Thursday, July 5, 2007

Author's fingerprints.

It's happened to all of us. You hear rave reviews about a book and based on this information, you drop everything and rush to get a copy. You clear the rest of your day and read, read, read, thunk. You hesitate to begin another chapter because you know the misery will continue. Trying to be positive, you force yourself to turn one more page. It has to pick up. Everyone loved this book. Is it you? You're desperate to have that same lovin' feeling as everyone else, but it's just not happening. To make matters worse, you can't quite place what it is that is missing from this book. All you know is, it isn't doing it for you.

I call this the author's fingerprints. This is what separates one author, one book, from another. It's that magical sprinkling that captivates a reader and makes us love certain books and authors. And yes, sometimes, for whatever reason, an author can forget to add this to their own work.

I know of one author who is loved by everyone, at least it seems like it. Although, my sister and daughter, couldn't get passed the first chapter, but that's another post. Anyway, when you listen to the readers, there is something just a little different that draws them to this author. But one thing you will always hear is, I don't know what it is, there is just something about the way she writes.

Writers need that unknown element. As indescribable as it is, reader's recognize it when it's there and when it's missing. So, what is the special something that you sprinkle over your work that makes people say, I don't know what it is, but it's there?

6 comments:

Jane Richardson, writer said...

Carol, I wish I knew. If I did, I'd be rich! I've thought about this before, and realised that the one thing the authors I love have in common is some kind of economy of style. They know how to pare the writing down to its purest, cleanest form - there's never a superfluous word, nothing you could red pen out. You know what I mean?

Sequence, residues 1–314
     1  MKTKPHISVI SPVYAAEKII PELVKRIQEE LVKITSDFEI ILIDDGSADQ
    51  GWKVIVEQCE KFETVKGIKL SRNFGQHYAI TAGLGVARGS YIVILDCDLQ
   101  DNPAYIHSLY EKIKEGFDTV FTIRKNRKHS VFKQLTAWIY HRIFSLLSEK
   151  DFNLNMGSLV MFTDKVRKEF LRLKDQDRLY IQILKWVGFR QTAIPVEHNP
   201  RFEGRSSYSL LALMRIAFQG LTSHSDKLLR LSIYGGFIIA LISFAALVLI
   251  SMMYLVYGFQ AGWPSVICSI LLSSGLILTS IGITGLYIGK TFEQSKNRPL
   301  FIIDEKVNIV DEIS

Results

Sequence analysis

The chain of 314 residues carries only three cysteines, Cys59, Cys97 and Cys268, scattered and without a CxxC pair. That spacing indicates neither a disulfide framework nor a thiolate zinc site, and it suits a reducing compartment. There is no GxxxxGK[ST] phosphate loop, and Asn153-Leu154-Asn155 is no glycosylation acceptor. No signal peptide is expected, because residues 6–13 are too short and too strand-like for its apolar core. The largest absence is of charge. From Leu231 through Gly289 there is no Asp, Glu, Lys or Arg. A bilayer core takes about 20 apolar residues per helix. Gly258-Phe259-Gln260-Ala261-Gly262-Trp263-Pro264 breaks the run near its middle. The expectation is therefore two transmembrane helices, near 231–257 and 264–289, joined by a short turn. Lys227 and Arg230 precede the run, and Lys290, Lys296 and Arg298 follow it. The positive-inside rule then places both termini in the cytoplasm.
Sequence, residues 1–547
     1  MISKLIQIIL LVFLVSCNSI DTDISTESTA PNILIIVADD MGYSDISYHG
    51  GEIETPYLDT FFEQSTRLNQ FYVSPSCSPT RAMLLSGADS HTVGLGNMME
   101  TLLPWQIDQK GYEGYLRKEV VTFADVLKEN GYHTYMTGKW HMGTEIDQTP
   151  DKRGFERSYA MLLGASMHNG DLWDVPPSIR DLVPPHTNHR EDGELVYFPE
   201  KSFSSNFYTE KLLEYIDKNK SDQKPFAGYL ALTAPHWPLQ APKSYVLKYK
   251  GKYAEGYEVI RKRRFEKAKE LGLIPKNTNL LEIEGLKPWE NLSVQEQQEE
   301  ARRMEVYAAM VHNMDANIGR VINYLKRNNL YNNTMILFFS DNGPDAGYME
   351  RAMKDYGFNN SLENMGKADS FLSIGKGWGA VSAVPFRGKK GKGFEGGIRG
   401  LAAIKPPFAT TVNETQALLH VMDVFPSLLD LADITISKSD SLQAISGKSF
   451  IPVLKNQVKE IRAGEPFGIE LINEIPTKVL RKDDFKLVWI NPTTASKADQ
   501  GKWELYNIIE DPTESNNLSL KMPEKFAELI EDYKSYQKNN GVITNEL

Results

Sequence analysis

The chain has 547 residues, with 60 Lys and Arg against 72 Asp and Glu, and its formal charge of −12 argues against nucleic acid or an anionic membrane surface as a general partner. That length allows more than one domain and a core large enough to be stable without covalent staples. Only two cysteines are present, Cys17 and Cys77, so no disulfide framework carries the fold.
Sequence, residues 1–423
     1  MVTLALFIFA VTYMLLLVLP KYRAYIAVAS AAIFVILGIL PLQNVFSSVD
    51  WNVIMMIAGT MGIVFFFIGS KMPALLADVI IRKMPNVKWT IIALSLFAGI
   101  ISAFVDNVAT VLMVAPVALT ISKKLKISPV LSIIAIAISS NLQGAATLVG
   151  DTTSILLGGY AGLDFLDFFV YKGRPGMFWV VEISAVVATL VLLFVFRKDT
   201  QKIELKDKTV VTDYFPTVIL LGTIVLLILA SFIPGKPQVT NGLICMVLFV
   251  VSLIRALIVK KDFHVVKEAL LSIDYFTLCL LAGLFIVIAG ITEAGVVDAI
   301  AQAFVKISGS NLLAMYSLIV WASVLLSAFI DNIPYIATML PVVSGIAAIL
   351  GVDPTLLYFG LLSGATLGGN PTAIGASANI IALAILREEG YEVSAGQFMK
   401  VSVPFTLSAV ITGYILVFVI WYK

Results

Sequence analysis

I too can think of an author who's loved by everyone, but try as I can, I can't get on with her. She leaves me cold - and in one of hers, when the sixth chapter introduced me to the sixth separate point of view, I'm afraid the book hit the wall with great force. That's partly what I mean by clarity, and that takes work. She hadn't done the work to keep the thing clear, but just hopped into another head, and expected the reader to do all the work she should have done.
I agree about an author's fingerprint, that's a nice way to put it. But I know there are some fingerprints I just don't like, too. I guess you can't please everyone!

Carol said...

Hi Jane,

I agree. I love it when I can read through a book with ease. I don't want to wade through a lot of baggage full of unnecessary information. It might have seemed necessary to the author, but they've not only lost my attention, but me as a reader. As the author, we need to keep it as seemless as possible.

Jane Richardson, writer said...

Absolutely. With ease, with a smile, and more often than not, with a 'grrr - wish I'd written that!'
J x

Carol said...

Hi Jane,
Oh, I've had a lot of the last one.

Susan Adrian said...

Carol:

I'm coming to think that it's passion that I like best in a work. You can forgive some elements of craft if the passion is there on the page.

Carol said...

I agree, Susan. If the passion is there and can sweep you along with it, you are more willing to forgive other shortcomings.